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We spent two years travelling around India and stayed at over a hundred hotels. The Tripzuki collection represents the best of the best. We met the owners and the staff, took our own photos, and tried the breakfast in the morning. We know EVERYTHING about these hotels. We also negotiated some incredible deals!

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What to do


  1. Eat & Drink
  2. See & Do
  3. Shop

If you have the time, energy and stomach for bargaining, Delhi is a paradise for shoppers. But the city is also a living museum, full of temples and monuments in various stages of ruin and use, scattered all over. Eating in Delhi is a highlight, whatever the budget, and there are plenty of drinking and nightlife options, especially around Central and South.

Eat & Drink

Aap Ki Khatir – Lodi Road & Hauz Khas Enclave
One of the best kebab places in the city, with a kakori kebab in roomali roti to die for. The original outlet, a tough place to find, is hidden near the Nizamuddin Dargah on Lodi Road. There’s another more accessible outlet in Hauz Khas Enclave.

Indian Accent – The Manor Hotel, Friends Colony West
Daring, high-class fusion cuisine in the gorgeous The Manor hotel, this is modern Indian at its most experimental. Aside from the standard menu there’s a 3-course menu plus a chef’s tasting menu of 11 dishes. An example of the ingenuity employed here can be seen in the dish of silken tofu kofta, wok-tossed quinoa pulao and goji berry curry.

Bukhara – Maurya Sheraton Hotel, Chanakyapuri
North Western frontier food that deserves its place at the top of the table. The menu is constant as is the quality. You have to taste their dal before you die, it’s that good.

Khan Chacha – Khan Market, Middle Lane
A student favourite, expanded from its old hole-in-the-wall to a full-sized, well-organised and hygienic fast food restaurant without losing any of the flavour. The chicken kathi roll is phenomenal.

Karim’s – Old Delhi, near Jama Masjid
This used to be first on the list in any travel guide. Things have moved on and the city has an incredible array of cuisine and quality, but this Old Delhi institution still has what it takes and still remains something of an adventure for the foreign traveller. Their Mughlai food, with a lineage back to the ancient courts, is heavy, hearty, rich and flavourful. Kebabs and biryani abound.

Olive – Hotel Diplomat, Chanakyapuri
The name is a legend in itself. Moorish décor, fine food and excellent drink come at a hefty price, but it’s well worth it.

Flavours – Defence Colony
A tried and trusted mainstay of Delhi, one of the first proper Italians around, it may have lost some of its shine in recent years but it’s always dependable.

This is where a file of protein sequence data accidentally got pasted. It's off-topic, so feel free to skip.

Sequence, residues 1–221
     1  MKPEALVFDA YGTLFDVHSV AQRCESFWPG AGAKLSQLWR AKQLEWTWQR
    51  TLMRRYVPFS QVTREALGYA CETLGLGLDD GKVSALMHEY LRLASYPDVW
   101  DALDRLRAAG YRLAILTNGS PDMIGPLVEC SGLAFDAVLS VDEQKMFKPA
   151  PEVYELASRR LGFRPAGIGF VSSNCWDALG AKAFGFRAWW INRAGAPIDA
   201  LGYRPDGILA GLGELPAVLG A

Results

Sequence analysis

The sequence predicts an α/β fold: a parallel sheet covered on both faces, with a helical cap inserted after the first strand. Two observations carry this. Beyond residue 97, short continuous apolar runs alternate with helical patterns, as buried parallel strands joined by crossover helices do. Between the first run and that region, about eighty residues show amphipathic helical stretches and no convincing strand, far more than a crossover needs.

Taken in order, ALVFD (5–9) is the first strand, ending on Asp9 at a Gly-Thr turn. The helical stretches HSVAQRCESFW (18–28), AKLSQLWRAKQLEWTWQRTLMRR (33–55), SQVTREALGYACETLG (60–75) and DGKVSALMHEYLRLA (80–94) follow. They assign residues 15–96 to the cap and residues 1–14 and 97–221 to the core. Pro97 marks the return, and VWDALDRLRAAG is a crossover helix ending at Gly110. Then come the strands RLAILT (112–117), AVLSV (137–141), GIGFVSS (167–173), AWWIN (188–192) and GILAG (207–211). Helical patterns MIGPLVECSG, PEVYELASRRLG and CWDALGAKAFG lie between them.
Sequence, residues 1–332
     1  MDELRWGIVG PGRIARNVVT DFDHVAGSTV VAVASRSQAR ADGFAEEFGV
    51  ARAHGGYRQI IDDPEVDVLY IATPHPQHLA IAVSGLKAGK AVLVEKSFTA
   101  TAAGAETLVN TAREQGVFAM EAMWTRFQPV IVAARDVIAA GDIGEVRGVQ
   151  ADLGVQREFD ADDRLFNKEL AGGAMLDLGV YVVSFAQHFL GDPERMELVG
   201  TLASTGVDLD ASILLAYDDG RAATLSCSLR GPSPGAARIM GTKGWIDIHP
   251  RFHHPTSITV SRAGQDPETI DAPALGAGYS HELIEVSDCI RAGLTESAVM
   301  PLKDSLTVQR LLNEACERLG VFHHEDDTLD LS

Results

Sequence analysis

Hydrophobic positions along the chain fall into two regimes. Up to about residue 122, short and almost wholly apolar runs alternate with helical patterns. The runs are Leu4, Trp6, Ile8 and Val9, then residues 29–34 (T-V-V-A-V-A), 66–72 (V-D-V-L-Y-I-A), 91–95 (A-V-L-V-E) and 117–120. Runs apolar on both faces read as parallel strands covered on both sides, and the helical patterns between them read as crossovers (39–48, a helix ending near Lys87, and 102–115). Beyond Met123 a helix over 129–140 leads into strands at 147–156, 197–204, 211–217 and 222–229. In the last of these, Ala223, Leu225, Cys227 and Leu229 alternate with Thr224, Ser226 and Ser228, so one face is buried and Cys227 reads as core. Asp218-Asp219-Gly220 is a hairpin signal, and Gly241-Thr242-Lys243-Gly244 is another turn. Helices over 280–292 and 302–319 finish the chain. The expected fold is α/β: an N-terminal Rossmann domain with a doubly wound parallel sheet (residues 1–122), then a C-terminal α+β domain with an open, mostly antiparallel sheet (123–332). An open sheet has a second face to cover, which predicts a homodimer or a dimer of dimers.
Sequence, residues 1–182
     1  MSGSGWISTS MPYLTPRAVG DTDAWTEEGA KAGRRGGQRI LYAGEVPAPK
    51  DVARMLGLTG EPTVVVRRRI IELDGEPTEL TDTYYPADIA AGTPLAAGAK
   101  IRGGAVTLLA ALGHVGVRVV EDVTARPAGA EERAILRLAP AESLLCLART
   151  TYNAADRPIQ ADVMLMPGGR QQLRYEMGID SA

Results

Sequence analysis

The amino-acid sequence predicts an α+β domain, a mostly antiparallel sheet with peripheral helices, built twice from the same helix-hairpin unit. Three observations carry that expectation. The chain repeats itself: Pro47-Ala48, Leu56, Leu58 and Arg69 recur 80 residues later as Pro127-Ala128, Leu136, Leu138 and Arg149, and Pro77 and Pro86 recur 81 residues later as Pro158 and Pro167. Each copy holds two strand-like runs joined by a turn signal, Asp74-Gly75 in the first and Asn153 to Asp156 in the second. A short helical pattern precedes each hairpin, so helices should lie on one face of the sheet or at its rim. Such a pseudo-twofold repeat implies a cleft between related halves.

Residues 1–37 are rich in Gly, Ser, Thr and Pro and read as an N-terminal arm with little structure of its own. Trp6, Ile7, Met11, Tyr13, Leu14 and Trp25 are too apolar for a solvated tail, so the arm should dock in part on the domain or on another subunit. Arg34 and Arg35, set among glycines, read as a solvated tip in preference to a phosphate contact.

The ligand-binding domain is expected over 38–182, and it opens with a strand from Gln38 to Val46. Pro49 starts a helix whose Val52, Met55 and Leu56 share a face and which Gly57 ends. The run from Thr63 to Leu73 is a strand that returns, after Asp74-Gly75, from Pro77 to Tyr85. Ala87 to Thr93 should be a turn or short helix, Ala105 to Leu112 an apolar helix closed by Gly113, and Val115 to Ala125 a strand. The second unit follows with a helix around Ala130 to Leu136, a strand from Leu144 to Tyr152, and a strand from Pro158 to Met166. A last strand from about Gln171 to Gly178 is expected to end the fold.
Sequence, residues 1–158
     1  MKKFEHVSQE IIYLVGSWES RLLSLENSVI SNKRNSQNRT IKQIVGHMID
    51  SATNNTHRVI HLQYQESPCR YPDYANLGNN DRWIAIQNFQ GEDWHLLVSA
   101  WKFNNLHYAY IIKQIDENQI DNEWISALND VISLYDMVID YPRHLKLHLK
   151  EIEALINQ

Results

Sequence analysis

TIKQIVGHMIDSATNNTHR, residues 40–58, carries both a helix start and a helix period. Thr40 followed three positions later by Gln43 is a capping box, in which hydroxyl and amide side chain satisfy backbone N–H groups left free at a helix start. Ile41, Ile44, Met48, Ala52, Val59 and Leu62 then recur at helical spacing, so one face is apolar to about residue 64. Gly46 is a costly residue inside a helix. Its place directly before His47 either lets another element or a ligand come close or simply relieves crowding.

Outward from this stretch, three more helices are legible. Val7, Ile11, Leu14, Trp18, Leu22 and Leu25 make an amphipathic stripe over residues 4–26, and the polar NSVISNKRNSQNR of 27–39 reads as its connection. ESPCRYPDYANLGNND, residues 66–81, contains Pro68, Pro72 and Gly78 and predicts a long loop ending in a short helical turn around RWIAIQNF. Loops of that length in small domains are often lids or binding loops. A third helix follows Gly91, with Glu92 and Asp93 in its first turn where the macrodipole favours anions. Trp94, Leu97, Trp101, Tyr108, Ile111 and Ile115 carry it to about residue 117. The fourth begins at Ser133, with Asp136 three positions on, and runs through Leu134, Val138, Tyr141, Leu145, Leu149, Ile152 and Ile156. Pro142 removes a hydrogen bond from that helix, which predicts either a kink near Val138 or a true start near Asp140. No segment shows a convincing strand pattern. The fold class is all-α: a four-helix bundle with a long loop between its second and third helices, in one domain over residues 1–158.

Swagath – Defence Colony market
Very reliable South Indian coastal food, a real delight for fish-lovers in this land-locked city.

Andhra Bhavan Canteen – Hyderabad House, Ashoka Road
Anyone who knows food in Delhi knows that the Andhra Bhavan is the place to come for an exceptional South Indian thali. The canteen setting is unglamorous, certainly, but the food cannot be beat.

Oh! Calcutta – International Trade Tower, Nehru Place
For Bengalis that crave a taste of their homeland but more so for the rest of the city that craves a taste of Bengal. The fish preparation is always excellent and regulars swear by the smoked and steamed hilsa in a mustard-chilli marinade.

Chandni Chowk street food – Old Delhi
A variety of must-eat street food lines Chandni Chowk in Old Delhi. From Natraj Dahi Bhalla to Jai Hind Paratha Bhavan with the Old & Famous Jalebiwala in between, this stretch is full to bursting with calorie-rich flavour.

Moolchand Parathawala – Moolchand Metro
One of Delhi’s famous streetfood vendors, the parathawala by Moolchand Metro churns out some of the tastiest, most distinctive plates around.

Yeti – Hauz Khas Village
Wonderful north-eastern, Tibetan, Nepalese and Bhutanese food.

L’Opera – Khan Market & Select City Walk Mall, Saket
This French bakery was a revelation when it appeared in Delhi, and it remains the best in town. Coffee, croissants and a huge range of cakes and pastries in an elegantly European but accessible atmosphere.

M I Food Center – Meharchand Market
Ignore the unappealing name and go by your nose. Many a passing soul has been lured in by the smell of meat on hot coals. The mutton seekh kebab is one of the finest in the city, while the roast chicken and chicken tikka are not far behind.




See & Do

Hauz Khas Village
You could easily pass a whole day (and night) in Hauz Khas Village – a 13th-century urban village once famous for its Islamic architecture, water tanks, tombs and mosques – now transformed into hipster central with bars, cafes, restaurants, art galleries, design studios and antique shops crammed into its narrow streets and walkways.